Mathematical Programming

, Volume 149, Issue 1–2, pp 425–457 | Cite as

Efficient geo-graph contiguity and hole algorithms for geographic zoning and dynamic plane graph partitioning

  • Douglas M. King
  • Sheldon H. Jacobson
  • Edward C. Sewell
Full Length Paper Series A


Graph partitioning is an intractable problem that arises in many practical applications. Heuristics such as local search generate good (though suboptimal) solutions in limited time. Such heuristics must be able to explore the solution space quickly and, when the solution space is constrained, differentiate feasible solutions from infeasible ones. Geographic zoning problems allocate some resource (e.g., political representation, school enrollment, police patrols) to contiguous zones modeled by partitions of an embedded planar graph. Each vertex corresponds to an area of the plane (e.g., census block, town, county), and local search moves one area from its current zone to a different zone in each iteration. Enforcing contiguity constraints may require significant computation when the graph is large. While existing algorithms require linear or polylogarithmic time (in the number of vertices) to assess contiguity in each local search iteration, the geo-graph paradigm shows how contiguity can be verified by examining only the set of vertices that border the transferred area (i.e., those areas whose boundaries share at least a single point with the boundary of the transferred area). This paper develops efficient algorithms that examine these vertices more quickly than traditional search-based methods, allowing practitioners to more fully consider their zoning options when creating zones with local search.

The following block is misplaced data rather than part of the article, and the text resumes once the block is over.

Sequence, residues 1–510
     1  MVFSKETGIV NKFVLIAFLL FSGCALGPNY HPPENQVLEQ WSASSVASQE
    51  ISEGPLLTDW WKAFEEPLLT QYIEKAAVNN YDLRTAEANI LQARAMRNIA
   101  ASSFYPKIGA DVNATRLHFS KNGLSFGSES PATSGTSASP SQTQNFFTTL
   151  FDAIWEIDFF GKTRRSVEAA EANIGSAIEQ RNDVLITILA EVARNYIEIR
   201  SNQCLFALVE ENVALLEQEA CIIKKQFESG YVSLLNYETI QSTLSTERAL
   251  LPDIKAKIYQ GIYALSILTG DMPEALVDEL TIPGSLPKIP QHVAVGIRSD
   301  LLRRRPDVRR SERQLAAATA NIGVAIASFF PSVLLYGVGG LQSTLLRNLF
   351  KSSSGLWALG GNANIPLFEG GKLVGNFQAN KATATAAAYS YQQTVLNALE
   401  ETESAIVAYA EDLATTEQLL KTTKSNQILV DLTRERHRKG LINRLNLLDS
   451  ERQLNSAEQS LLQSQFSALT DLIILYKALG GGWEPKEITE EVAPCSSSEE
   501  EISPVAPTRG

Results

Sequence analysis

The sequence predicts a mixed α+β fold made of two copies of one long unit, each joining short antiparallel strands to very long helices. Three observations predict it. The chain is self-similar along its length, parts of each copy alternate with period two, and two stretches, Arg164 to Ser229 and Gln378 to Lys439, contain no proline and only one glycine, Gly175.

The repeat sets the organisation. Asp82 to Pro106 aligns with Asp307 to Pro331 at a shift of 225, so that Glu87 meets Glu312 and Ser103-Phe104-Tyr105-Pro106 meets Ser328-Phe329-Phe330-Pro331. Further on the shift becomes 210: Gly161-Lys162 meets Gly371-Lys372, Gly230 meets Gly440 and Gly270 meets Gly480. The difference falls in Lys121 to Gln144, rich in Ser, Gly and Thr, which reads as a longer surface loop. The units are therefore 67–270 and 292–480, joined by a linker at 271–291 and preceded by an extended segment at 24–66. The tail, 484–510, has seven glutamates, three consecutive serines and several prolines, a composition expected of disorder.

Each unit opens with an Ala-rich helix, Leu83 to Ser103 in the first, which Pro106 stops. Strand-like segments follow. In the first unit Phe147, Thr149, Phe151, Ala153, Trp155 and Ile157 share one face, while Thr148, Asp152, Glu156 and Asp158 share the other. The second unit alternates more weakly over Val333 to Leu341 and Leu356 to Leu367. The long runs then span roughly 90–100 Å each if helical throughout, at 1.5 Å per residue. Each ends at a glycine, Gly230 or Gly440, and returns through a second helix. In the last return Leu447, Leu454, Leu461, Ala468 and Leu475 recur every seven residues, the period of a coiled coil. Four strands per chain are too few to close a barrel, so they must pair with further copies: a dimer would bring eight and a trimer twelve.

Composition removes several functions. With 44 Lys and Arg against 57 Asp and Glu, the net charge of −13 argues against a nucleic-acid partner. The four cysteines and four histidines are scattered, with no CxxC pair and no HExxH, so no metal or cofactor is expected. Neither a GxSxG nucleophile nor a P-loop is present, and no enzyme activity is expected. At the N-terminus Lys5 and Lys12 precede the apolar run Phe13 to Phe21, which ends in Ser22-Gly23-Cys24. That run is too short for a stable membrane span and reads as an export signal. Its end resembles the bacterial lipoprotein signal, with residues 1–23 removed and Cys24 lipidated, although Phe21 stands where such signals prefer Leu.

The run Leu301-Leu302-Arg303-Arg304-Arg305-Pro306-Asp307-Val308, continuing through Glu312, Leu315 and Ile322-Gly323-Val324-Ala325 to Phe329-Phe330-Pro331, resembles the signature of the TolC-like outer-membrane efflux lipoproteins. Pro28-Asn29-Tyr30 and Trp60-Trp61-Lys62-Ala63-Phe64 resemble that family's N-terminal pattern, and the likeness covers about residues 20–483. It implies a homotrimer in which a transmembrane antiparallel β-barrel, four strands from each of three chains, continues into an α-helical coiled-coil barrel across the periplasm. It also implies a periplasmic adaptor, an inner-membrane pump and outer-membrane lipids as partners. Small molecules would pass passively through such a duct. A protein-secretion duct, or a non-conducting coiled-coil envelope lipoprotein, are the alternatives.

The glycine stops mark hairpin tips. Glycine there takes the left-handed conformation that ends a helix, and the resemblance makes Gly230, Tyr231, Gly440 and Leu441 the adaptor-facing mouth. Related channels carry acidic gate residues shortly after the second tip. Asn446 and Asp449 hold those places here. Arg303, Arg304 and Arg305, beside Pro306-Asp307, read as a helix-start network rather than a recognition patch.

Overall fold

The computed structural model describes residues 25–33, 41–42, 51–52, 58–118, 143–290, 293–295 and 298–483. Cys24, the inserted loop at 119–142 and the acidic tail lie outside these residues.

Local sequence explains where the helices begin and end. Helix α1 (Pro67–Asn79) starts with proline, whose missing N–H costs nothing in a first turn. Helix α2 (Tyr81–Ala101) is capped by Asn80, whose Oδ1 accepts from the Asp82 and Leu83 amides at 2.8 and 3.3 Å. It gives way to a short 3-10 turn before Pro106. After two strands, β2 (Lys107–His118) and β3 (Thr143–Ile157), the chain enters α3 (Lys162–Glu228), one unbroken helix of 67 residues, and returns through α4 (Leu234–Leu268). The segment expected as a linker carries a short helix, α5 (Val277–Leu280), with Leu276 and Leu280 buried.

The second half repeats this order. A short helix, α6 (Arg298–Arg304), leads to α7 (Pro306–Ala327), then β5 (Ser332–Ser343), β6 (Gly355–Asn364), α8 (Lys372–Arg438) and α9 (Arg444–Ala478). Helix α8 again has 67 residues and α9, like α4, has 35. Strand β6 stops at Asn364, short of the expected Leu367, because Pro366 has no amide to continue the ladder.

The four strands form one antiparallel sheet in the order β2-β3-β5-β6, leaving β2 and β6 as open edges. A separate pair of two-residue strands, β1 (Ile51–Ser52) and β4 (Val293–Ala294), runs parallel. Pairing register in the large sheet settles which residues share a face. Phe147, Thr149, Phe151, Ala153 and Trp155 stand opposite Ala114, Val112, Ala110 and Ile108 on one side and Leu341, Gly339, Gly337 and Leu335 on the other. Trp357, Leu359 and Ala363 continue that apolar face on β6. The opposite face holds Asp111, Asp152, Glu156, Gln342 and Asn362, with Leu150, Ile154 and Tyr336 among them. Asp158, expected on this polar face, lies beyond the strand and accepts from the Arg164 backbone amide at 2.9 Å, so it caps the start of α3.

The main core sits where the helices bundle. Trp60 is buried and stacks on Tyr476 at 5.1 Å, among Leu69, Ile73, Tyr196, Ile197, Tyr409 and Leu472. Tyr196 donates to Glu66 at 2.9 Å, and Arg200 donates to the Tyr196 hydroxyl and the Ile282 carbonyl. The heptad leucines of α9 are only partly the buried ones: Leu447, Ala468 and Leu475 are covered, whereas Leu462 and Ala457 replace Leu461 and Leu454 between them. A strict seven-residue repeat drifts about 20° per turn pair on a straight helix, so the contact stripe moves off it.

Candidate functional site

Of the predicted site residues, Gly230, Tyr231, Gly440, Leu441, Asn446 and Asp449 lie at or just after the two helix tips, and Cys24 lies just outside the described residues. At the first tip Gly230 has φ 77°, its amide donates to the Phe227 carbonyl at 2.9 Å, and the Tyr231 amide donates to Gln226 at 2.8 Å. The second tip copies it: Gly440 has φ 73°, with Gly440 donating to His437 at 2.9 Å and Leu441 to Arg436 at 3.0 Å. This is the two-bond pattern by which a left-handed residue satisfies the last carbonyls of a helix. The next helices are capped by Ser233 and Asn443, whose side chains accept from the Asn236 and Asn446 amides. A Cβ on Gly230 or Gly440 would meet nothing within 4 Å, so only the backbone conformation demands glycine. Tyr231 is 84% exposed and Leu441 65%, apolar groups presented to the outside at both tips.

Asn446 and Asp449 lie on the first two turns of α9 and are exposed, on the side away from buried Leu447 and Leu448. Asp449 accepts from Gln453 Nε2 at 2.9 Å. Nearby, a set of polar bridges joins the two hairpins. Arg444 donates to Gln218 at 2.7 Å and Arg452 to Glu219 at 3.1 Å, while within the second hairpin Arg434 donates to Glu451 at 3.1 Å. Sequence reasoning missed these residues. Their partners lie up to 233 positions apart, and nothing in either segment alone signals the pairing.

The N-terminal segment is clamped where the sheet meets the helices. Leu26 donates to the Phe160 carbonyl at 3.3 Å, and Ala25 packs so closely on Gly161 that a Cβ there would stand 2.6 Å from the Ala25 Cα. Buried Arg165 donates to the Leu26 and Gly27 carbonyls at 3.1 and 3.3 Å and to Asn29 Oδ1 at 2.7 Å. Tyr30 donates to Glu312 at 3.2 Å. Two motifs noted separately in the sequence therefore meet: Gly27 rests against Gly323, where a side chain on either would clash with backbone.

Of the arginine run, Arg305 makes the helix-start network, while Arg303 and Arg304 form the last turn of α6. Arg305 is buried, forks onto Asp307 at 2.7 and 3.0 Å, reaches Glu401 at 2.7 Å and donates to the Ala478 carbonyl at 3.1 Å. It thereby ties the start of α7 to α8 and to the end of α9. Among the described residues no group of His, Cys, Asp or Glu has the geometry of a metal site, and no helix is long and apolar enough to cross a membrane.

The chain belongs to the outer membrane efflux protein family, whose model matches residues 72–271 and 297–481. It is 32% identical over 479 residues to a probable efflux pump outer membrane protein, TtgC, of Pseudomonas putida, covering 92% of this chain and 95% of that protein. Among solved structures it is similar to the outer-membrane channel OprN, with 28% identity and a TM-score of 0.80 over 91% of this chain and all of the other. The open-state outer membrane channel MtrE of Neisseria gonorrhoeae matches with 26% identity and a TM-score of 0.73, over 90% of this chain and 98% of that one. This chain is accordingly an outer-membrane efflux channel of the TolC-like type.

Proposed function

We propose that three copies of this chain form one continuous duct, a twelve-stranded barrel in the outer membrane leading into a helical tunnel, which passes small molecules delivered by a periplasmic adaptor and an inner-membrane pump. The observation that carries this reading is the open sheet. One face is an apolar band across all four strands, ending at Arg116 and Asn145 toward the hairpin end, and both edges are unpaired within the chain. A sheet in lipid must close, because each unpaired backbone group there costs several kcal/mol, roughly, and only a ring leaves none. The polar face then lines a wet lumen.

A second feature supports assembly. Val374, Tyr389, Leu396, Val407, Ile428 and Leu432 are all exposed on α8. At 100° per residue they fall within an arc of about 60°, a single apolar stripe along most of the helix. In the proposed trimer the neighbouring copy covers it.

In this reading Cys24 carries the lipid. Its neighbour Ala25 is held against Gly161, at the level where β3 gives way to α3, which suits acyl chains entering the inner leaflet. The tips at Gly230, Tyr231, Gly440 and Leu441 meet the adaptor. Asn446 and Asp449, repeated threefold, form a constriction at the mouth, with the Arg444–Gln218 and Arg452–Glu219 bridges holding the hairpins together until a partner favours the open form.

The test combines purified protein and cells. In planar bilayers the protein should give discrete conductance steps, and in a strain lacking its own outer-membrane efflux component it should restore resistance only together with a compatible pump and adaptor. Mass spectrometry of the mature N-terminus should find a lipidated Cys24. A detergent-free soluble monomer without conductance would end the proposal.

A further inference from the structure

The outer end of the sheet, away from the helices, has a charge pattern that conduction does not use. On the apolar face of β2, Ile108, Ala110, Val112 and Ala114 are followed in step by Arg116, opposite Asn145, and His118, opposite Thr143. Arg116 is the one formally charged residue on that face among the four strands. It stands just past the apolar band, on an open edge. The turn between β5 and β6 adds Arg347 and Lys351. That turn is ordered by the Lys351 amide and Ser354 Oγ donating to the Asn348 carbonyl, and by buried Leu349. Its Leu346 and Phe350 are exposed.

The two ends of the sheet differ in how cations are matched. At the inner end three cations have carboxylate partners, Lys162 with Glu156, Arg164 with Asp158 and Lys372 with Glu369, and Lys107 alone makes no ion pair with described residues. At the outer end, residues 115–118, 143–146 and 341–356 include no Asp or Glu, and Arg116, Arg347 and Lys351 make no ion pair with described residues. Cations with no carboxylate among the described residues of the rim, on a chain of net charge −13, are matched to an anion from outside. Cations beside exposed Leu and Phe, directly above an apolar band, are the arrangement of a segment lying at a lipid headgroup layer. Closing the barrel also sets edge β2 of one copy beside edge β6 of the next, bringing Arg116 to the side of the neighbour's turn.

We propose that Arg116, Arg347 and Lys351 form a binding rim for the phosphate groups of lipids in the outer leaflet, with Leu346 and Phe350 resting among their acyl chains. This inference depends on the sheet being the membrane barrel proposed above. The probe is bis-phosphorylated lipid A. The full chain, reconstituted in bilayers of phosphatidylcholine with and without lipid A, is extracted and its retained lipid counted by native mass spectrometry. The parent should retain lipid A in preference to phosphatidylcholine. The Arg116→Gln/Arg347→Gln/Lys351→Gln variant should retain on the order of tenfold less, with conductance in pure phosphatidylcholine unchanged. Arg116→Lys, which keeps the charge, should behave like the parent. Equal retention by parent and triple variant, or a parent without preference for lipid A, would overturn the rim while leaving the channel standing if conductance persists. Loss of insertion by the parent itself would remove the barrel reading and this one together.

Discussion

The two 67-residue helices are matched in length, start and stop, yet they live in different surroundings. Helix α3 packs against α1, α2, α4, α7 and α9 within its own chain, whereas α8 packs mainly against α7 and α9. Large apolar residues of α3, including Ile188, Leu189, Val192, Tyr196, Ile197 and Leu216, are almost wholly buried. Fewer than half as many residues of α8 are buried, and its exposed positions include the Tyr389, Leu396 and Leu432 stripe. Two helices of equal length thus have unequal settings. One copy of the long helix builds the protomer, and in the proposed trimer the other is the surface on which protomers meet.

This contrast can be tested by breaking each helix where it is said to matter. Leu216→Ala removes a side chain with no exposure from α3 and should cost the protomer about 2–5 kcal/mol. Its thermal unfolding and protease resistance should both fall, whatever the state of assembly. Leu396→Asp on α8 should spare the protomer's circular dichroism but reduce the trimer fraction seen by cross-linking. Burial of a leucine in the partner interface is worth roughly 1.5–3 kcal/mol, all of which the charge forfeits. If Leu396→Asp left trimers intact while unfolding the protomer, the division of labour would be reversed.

Graph partitioning Planar graphs Graph contiguity  Political districting 

Mathematics Subject Classification (2000)

05C85, Graph algorithms 05C40, Connectivity 05C10, Planar graphs 05A18, Partitions of sets 


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Copyright information

© Springer-Verlag Berlin Heidelberg and Mathematical Optimization Society 2014

Authors and Affiliations

  • Douglas M. King
    • 1
  • Sheldon H. Jacobson
    • 2
  • Edward C. Sewell
    • 3
  1. 1.Department of Industrial and Enterprise Systems EngineeringUniversity of Illinois at Urbana-ChampaignUrbanaUSA
  2. 2.Department of Computer ScienceUniversity of Illinois at Urbana-ChampaignUrbanaUSA
  3. 3.Department of Mathematics and StatisticsSouthern Illinois University EdwardsvilleEdwardsvilleUSA

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